One fat leg and one thin leg: Parkes-Weber syndrome
Isa-Bella Leclair is a likeable young Canadian woman. She is studying Civil Engineering at the University of Ottawa, plays the guitar and piano, practices yoga, loves spending time with her friends and – like many in her age-group – keeps an Instagram account. This is where Isa-Bella publically shows how she differs from most 21-year-olds. Her right leg is almost twice as thick as the left, because Isa-Bella has been living with Parkes Weber Syndrome since birth. This causes abnormalities in the blood vessels, which is why lymphatic fluid accumulates in the individual limbs. As a result, Isa-Bella Leclair developed lymphoedema. In the medi healthcare interview, she reports on how she masters everyday life with the disease, what role compression garments play and why everybody should enjoy life passionately and confidently.
Ms Leclair, you suffer from Parkes Weber Syndrome (PWS). When was the diagnosis made?
“I was diagnosed with PWS when I visited the Boston Children’s Hospital in 2003. Before that, my diagnosis had been Klippel-Trénaunay Syndrome (KTS), a very similar disease.”
What are the symptoms of the disease and when did you recognise the first signs?
“The doctors diagnosed me with KTS at birth. The symptoms that led them to that conclusion were hypertrophy of my lower right limb (feet, leg and hip) and a port-wine stain that covered the same area. As I grew up, the doctors noticed that I was not developing the other symptoms associated with KTS, such as pain in the affected limb. Then other symptoms started showing such as heart problems and primary lymphoedema. In 2003, at the age of seven, I visited Boston Children’s Hospital and was diagnosed with PWS.”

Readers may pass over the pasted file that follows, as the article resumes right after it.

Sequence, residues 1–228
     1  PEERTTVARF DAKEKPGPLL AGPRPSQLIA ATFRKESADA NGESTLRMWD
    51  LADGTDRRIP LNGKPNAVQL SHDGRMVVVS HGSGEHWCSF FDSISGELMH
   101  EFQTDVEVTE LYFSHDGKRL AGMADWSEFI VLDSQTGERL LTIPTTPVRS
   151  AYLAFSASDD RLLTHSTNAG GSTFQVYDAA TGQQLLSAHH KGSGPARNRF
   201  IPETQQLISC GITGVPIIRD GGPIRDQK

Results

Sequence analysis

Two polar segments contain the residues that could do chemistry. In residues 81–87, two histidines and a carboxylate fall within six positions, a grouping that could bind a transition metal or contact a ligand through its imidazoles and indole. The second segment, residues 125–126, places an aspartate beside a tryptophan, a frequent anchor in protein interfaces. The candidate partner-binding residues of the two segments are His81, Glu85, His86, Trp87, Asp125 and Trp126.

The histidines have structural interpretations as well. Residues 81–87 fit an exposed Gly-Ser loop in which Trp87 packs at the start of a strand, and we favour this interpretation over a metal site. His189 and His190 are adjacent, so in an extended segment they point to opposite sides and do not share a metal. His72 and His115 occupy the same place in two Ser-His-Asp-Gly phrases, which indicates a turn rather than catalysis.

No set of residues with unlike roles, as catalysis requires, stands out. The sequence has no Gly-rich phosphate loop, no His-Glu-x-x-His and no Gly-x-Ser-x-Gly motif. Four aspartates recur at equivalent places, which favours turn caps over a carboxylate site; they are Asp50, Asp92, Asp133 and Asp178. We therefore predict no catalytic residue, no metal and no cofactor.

Is the Parkes Weber Syndrome curable?
“No, there is no cure for PWS, only ways to manage it.”
How was the disease treated in the past? Was the therapy successful?
“I have never had treatment for PWS specifically, but more for its symptoms. I have been followed closely by orthopaedic specialists and cardiologists since I was very young. In Boston in 2003, I was supposed to get an embolisation (surgical technique that blocks the blood supply to a specific area of the body), but the risks ended up being too high compared to the rewards. I have also been treated for lymphoedema with compression stockings and lymphoedema massage therapy.”
How did you hear about medi and our compression stockings?
“I have been wearing compression stockings since I was eight years old. At first, I was with a different company than medi, but the stockings were ultimately not effective enough for the level of lymphoedema I had. Then, one day, during an intensive session of lymphoedema massages, my physiotherapist recommended medi. I have been wearing medi compression stockings since 2015.”
What is your experience with the mediven flat knit garments?
“The mediven flat knit garments are really great! They are comfortable and never slip down around the knee or ankle. The toe cap is also amazing and has improved the condition of my toes significantly.”
Do you wear compression garments in bright colors?
„The compression garment that I wear the most is the skin coloured one. I live in Canada and it is cold most of the year, so I am always wearing long pants that mostly cover the compression garment. I also wear the black ones a lot under dresses. I generally wear the bright coloured one during summer with shorts and dresses.”
Where do you get information about the issue lymphedema?
“When I have a specific question about lymphoedema, I usually ask my physiotherapist, who is certified in lymphoedema treatment and massage. I sometimes research the web for more general questions.”
Do you get support from your family and friends?
“My family and friends have always been extremely supportive! They do not see me differently, because I have PWS or lymphoedema, and they are also always there during appointments or when I get sick.”
Do you have any special hobbies?
“I have a lot of hobbies! I adore the arts and thus everything that involves drawing, writing, music, guitar playing, piano playing, etc. I also love to read and watch movies and TV shows. I love to cook and try new food, I follow a vegan lifestyle. I also love to spend time with my friends and my boyfriend.”